Going to the weekly pasar malam was a cultural experience of Malaysian treats and delicacies. I still miss the nasi goreng and nasi lemak!

These rich experiences made indelible impressions on my life and changed my views of knowledge and the epistemology thereof forever.

Today, no matter what I embark on I still implement the teachings and ideologies that I was taught at IIUM. My understanding of psychology changed forever. I may not utilise the Islamic terms in my current research due to it not being an Islamic university, however there are many western concepts and frameworks that are based on Islamic principles, for example Positive Psychology and Humanistic Psychology that look at the human being from a positive perspective as opposed to the traditional negative concepts that explain main purpose being solely created to satisfy his sexual desires and driven by aggression.

As a manager of an Institute, and whilst assisting many organisations in my community, I still implement the teachings and make decisions guided by the insights I gained whilst studying at IIUM.

I also incorporate Islamic psychotherapy into my counselling practice when I help people suffering from psychological challenges and mental health difficulties. I’ve seen tremendous positive results in this regard, and it has given me the opportunity to offer a service that not many counsellors in my community are able to.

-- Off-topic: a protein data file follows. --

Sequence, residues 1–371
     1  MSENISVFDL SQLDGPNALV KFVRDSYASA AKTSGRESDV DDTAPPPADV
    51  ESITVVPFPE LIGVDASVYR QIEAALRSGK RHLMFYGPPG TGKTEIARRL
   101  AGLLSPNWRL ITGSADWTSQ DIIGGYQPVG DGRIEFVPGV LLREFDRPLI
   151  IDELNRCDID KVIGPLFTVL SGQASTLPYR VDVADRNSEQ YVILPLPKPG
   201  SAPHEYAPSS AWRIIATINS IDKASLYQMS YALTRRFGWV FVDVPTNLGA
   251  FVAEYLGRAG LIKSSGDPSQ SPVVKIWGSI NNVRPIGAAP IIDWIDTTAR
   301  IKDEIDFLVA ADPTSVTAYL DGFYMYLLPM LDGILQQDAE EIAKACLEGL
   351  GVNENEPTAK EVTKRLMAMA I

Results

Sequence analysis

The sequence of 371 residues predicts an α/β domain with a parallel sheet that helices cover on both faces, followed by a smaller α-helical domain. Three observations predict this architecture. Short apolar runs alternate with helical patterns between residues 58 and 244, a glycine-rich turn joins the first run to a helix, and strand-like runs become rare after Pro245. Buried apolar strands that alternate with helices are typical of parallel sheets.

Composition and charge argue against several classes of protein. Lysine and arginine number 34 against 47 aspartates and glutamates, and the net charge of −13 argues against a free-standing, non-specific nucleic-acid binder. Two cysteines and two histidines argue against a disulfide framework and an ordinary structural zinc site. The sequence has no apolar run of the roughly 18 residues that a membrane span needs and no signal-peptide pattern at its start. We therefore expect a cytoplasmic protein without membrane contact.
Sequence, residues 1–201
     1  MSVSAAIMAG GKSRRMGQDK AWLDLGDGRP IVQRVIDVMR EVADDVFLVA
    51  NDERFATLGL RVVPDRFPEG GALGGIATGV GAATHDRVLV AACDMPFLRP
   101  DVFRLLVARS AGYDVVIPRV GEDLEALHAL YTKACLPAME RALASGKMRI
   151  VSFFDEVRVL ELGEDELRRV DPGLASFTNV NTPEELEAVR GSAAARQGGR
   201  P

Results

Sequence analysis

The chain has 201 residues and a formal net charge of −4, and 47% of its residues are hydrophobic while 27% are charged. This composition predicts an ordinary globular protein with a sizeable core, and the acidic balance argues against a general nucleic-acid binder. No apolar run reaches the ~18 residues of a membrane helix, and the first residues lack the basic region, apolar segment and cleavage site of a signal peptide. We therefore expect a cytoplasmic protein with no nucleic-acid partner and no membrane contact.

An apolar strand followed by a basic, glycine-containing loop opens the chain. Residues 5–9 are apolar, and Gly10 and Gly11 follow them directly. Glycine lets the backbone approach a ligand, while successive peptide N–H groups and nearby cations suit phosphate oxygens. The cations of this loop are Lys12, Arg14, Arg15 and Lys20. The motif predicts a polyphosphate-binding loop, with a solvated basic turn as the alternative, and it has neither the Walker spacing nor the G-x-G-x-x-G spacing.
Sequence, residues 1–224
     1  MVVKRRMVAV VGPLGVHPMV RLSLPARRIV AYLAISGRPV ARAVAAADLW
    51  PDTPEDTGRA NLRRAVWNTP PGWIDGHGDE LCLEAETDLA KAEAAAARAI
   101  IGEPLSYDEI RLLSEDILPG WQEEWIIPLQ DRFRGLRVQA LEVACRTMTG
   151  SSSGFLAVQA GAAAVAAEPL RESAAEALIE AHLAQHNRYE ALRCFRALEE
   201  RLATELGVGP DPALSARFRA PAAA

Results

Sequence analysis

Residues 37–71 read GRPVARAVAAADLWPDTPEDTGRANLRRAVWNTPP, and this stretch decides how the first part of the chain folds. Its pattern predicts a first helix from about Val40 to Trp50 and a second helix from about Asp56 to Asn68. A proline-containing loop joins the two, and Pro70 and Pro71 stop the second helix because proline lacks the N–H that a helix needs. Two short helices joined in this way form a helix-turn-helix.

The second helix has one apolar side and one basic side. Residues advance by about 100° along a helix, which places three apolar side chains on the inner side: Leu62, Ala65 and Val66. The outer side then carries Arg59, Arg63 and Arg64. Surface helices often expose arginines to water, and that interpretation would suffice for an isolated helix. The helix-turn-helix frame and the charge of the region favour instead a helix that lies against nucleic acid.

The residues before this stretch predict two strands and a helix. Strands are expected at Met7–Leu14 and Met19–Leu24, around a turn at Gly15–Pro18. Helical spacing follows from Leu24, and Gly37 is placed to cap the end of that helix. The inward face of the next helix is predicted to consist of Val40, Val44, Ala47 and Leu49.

At a time when the world is undergoing a pandemic and experiencing catastrophic environmental events such as volcanic eruptions in Java and La Palma, and the downfall of many economies, are sad realities. The crash of markets is blamed on poor administration of governments and reason for the environmental changes are said to be as a result of global warming. The world is not in need of more scientists, physicians, economists, psychologists, educators. It is in need of individuals who are not afraid of implementing the teachings of Islam, and no matter what profession they are in, are guided by the Quran and Sunnah.

IIUM is in a unique position to guide young people to understand the epistemology of knowledge from a perspective that is not skewed by Western ideologies which are based on secularism. Laying a foundation that is rich in our Islamic heritage and providing a good understanding of Islam, is the necessary foundation to go forth in the world of work. Contributing to uplifting society, and not focusing on marginalising the poor and ensuring the rich get richer, is what the world needs right now.